In the last couple of years, Africa’s rhino population has experienced a poaching epidemic. Official figures show that the number of killed animals has exploded in South Africa, from 13 in 2007 to 1054 in 2016. This surge can be traced back to a demand boom for rhino horn in Asia, where it is coveted as medicine and used to treat fever, alcoholism, and even cancer. In the face of this crisis, South Africa’s constitutional court overturned the country’s previous ban on domestic trade on March 30 in the hope that legalization would curb poaching. The decision was met by both support and criticism, with both sides agreeing that the problem lies in market forces, namely supply and demand. The question is, is it possible to use the same forces to save rhinos from extinction?
According to the pro-legalization side, the problem is deficient supply. They argue that, just like during the prohibition era in the US, a trade ban only makes things worse. Restricting supply pushes up prices but it does not dampen demand. In return, the high prices create a lucrative business that attracts poachers and only increases the incentive to kill rhinos. In addition, where there is demand, people will always find new ways to supply the market. As a result, bans are becoming increasingly hard to enforce, as supply chains become more sophisticated, making it harder to prevent and clamp down on illicit trade. This concern is particularly relevant in parts of Africa where law enforcement is ineffective, corruption is rife and surveillance is non-existent.
As a response to this problem, private rhino ranchers in South Africa argue that if they could sell their stock of horns, they could undermine the illegal trade. By selling their stock, they increase the supply of horns on the market, thus lowering prices. This would in turn discourage poaching since their profit margins would decrease as well. If rhino ranchers can provide horns legally, for a cheaper price and at a minimized risk it would incentivize people to buy from them and not on the illegal market. Since rhino horns, unlike ivory, continues to grow over the rhino’s lifetime, it can be “harvested” and provide a steady supply of horn to the market. Not only would this saturate demand, it would also allow rhinos to reproduce and grow in numbers since it would not be necessary to kill the animal in order to procure the horns. Moreover, the tax revenues from this business could be reinvested to conservation efforts and create a long-term source of income. Simply put, the domestic legalization would allow rhino ranchers to use the market forces against poachers and successfully outcompete them.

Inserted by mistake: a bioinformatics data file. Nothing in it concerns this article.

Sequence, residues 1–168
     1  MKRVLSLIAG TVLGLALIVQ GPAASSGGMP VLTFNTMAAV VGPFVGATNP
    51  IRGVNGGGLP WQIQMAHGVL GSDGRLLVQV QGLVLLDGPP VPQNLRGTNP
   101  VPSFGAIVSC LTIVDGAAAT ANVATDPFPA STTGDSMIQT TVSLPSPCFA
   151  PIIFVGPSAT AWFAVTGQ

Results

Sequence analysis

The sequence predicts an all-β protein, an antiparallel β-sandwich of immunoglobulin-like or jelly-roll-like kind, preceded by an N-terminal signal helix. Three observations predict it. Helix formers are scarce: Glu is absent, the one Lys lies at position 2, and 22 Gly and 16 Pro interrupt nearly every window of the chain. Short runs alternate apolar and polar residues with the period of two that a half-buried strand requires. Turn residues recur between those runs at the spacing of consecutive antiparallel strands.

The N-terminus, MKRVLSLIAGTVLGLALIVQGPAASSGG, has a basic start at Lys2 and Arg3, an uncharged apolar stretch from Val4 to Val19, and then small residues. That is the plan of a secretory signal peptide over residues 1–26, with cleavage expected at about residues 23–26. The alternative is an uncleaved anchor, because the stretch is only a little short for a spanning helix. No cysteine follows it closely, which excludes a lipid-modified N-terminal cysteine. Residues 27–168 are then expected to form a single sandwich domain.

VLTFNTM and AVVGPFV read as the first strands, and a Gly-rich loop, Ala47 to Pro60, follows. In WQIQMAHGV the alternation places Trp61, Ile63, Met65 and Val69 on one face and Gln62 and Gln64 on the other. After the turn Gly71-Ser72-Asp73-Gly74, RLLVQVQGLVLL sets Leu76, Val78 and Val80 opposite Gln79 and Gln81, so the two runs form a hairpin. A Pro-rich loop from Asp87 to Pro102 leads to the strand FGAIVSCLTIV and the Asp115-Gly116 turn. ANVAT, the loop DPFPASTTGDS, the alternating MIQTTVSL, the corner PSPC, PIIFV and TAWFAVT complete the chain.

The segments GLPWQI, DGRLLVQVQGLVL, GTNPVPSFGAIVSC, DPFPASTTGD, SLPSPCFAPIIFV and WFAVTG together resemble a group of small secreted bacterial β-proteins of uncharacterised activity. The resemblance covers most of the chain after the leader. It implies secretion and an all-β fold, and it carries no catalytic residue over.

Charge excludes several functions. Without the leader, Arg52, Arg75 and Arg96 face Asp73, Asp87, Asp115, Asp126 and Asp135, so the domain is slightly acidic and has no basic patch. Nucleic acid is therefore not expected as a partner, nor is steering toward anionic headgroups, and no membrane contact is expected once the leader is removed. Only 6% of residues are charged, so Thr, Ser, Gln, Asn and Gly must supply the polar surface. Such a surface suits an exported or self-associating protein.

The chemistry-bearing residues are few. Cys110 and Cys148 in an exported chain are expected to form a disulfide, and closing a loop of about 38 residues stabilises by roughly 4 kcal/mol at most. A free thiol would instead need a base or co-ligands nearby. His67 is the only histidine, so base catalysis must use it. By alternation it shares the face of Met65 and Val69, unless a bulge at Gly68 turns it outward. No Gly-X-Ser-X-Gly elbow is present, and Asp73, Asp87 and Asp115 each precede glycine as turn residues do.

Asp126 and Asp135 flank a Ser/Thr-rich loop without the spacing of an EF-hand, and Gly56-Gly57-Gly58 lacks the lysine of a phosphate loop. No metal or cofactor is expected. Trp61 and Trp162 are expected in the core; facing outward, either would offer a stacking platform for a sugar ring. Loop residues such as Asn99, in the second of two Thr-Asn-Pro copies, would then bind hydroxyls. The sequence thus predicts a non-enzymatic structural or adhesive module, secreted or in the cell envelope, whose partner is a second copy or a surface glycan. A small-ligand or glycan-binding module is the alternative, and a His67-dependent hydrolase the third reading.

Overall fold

(Picture: International Fund for Animal Welfare Animal Rescue Blog, Flickr.
In contrast, prohibitionists argue that this reasoning is too simplistic and naïve. Conservation efforts should instead focus on cutting demand rather than adapting to the market. In their view, allowing domestic trade would be to open Pandora’s box, leaving the outcome entirely in the hands of the volatile market. The risk is that any attempt to normalize the use of rhino horn by allowing it to be sold might boost demand along with the increase in supply. Consequently, the ensuing decrease in prices would only bring in more customers and leave incentives for poaching unchanged as demand surges. To tackle this, more funding should be invested in marketing campaigns debunking myths of rhino horn as remedies and creating a stigma around using it. One such initiative that has proven successful is to inform people that rhino horn is the chemical equivalent of human hair and nails, thus diminishing its exclusivity.
In addition, legalization poses problems for law enforcement. Without a proper plan in place for how the legal market could be managed and regulated, such as via permits and certificates, legal and poached horns become indistinguishable. As their origin cannot be traced, it makes it easier to launder and export illegal, poached horns. In the eyes of conservationists this would be the worst possible outcome. Buyers in Asia would get access to cheaper supplies, illegal poachers would still control exports and profit from it and the rhino population would keep falling.
The lift of the ban on domestic trade in rhino horns has proven to be controversial and the outcome is still uncertain. However, the fact remains that in order to halt the poaching epidemic as well as provide a future for the rhinos, conservation efforts have to use the power of the market to undercut the illegal business. Whether the solution will be targeting demand or increasing supply remains to be seen. However, as there are only 20.000 white rhinos and 5.000 black rhinos left in the wild, action has to be taken now to save them. It is indeed a race against extinction.